Inflammation is known to cause other such changes in the microenvironment of cells. Cells often undergo adaptive changes to survive stressful or toxic environments. These adaptive changes can include: an increased expression of antioxidant enzymes; increased anaerobic respiration; and the development of angiogenic factors. This adaptation is usually transient, however, and allows normal cells to survive only until the toxic condition is alleviated.
That means it's not enough to have a strategy to kill cancer cells – chronic inflammation needs to be blocked and stopped at its roots to prevent the cancer from mutating and spreading.
Gene Pathways that Fuel Cancer Spread When Inflamed
According to a study by the Division of Hepatology and Gene Therapy at the CIMA-Universidad de Navarra in Spain, "Epidemiological studies have established that many tumors occur in association with persistent inflammation. One clear example of inflammation-related cancer is hepatocellular carcinoma (HCC). HCC slowly unfolds on a background of chronic inflammation triggered by exposure to infectious agents (hepatotropic viruses), toxic compounds (ethanol), or metabolic impairment .”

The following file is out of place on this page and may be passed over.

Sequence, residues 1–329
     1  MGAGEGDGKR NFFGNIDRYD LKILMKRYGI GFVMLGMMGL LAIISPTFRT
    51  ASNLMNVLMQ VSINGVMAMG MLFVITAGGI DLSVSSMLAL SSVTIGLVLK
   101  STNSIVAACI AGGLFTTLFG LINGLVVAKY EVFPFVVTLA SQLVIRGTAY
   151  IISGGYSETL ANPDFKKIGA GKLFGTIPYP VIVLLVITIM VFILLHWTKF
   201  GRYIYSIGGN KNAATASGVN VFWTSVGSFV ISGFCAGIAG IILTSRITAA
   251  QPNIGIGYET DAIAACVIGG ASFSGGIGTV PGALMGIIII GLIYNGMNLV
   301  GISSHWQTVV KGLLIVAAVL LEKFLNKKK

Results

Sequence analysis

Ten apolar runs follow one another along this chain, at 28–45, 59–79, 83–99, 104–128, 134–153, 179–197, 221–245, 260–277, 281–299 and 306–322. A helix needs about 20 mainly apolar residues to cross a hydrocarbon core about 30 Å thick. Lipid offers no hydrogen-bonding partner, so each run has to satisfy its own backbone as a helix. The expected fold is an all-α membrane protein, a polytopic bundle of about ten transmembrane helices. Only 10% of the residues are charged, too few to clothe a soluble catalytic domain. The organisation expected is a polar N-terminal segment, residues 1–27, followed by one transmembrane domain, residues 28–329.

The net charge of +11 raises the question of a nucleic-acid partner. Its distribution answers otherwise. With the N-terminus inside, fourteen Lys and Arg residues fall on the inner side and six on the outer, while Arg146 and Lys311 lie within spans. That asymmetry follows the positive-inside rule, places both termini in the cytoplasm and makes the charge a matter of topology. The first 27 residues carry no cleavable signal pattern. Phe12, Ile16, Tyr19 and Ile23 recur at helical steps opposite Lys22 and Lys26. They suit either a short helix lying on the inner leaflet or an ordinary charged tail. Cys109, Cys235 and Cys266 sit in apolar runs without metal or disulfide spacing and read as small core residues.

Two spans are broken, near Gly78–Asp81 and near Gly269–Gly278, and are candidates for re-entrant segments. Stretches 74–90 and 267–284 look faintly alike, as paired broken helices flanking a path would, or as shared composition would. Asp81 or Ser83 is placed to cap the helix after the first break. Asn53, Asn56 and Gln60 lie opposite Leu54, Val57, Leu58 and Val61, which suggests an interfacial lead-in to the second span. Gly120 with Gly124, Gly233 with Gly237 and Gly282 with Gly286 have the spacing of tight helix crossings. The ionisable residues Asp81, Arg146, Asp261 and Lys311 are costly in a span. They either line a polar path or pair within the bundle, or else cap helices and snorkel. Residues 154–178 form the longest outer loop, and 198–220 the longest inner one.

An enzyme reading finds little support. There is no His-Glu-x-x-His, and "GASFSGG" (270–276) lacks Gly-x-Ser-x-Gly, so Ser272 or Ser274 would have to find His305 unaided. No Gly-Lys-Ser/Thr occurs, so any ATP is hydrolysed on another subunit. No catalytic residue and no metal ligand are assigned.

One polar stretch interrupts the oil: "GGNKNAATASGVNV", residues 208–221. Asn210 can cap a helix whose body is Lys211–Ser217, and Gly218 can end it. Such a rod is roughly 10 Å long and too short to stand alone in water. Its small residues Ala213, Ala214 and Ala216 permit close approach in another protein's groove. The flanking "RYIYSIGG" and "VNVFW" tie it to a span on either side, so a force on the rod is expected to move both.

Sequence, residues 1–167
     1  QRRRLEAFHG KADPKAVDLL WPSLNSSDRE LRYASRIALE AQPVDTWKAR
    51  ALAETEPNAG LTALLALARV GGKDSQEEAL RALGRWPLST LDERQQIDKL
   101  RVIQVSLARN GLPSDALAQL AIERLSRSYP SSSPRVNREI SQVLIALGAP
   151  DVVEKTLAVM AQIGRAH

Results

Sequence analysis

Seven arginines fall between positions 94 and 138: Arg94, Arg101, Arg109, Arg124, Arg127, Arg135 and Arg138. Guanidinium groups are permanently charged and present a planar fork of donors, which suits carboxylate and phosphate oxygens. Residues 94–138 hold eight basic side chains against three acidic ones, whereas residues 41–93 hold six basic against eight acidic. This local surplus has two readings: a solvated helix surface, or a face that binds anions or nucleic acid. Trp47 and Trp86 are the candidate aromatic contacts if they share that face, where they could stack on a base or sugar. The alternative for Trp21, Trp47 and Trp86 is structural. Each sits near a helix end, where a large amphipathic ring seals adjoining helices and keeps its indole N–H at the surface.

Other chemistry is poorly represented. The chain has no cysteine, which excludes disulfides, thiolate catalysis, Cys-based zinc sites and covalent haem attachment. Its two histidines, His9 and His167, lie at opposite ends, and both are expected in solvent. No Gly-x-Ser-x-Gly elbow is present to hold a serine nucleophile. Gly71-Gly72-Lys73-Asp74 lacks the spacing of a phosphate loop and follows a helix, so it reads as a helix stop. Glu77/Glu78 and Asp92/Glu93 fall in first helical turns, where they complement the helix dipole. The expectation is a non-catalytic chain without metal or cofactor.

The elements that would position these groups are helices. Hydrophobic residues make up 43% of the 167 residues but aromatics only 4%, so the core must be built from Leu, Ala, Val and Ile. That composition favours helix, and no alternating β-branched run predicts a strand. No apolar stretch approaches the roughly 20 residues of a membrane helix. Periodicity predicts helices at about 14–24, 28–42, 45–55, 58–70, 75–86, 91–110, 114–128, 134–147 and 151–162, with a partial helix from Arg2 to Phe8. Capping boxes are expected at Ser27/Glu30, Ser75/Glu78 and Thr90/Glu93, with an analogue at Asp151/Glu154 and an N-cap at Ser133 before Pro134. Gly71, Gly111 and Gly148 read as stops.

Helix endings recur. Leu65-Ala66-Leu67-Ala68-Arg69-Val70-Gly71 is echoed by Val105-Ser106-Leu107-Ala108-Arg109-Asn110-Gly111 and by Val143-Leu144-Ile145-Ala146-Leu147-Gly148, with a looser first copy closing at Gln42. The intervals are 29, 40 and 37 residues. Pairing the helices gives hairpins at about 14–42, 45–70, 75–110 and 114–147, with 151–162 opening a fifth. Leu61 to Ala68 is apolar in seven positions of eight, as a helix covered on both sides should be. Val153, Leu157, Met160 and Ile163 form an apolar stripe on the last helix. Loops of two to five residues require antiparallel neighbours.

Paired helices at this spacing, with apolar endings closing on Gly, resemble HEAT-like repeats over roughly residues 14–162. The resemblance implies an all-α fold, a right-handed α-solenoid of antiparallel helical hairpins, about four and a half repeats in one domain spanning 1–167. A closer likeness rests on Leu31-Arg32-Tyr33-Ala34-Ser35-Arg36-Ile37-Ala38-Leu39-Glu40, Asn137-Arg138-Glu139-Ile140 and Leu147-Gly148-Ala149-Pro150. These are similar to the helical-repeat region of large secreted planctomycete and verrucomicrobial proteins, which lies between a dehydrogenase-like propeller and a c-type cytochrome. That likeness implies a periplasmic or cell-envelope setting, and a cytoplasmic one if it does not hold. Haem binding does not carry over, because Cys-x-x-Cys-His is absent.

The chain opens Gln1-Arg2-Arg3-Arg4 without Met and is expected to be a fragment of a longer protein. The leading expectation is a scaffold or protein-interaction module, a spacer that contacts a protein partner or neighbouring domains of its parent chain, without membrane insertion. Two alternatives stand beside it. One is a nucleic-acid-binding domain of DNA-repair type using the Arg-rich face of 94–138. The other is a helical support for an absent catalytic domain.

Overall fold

Besides these inflammatory mediators, mounting evidence points to the deregulation of specific growth and survival-related pathways in HCC development. Among them is the pathway governed by the epidermal growth factor receptor (EGFR), which can be bound and activated by a broad family of ligands. Of special relevance is the fact that the EGFR engages in extensive crosstalk with other signaling pathways, serving as a "signaling hub" for an increasing list of growth factors, cytokines, and inflammatory mediators. In this review, we summarize the most recent evidences supporting a role for the EGFR system in inflammation-related cell signaling, with special emphasis in liver inflammation and HCC. The molecular dissection of the pathways connecting the inflammatory reaction and neoplasia will facilitate the development of novel and more effective antitumor strategies.